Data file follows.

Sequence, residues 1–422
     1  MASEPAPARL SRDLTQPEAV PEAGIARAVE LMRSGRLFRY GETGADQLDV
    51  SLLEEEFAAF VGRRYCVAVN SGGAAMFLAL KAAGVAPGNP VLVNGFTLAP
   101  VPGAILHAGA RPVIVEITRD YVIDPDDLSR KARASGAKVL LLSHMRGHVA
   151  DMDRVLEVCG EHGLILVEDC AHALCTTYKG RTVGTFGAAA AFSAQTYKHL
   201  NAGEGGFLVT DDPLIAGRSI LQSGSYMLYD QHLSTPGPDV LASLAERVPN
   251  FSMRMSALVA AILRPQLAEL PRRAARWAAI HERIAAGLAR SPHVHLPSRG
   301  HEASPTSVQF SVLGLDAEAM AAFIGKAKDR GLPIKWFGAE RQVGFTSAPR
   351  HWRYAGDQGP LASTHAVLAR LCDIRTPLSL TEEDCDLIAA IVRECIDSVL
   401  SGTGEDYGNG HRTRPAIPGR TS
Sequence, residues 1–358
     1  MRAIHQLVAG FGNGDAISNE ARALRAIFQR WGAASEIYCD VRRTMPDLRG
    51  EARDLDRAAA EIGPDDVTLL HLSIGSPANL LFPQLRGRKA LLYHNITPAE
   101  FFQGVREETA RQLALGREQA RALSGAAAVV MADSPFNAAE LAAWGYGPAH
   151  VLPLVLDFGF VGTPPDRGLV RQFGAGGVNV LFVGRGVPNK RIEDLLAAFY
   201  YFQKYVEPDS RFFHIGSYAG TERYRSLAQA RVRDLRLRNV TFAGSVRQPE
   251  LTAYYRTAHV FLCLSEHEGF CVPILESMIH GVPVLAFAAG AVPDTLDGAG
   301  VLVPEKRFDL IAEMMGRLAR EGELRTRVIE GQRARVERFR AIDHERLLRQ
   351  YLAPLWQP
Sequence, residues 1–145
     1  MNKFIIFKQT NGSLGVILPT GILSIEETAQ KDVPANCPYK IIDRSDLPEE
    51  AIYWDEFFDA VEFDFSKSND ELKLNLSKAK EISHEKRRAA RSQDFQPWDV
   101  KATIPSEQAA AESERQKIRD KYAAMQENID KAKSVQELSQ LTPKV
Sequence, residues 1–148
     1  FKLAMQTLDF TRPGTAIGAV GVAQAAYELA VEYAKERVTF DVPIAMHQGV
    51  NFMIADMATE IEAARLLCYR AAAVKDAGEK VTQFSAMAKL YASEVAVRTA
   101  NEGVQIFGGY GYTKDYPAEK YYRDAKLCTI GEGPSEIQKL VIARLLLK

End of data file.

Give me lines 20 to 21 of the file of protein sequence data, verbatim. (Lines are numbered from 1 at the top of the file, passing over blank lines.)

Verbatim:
Sequence, residues 1–145
     1  MNKFIIFKQT NGSLGVILPT GILSIEETAQ KDVPANCPYK IIDRSDLPEE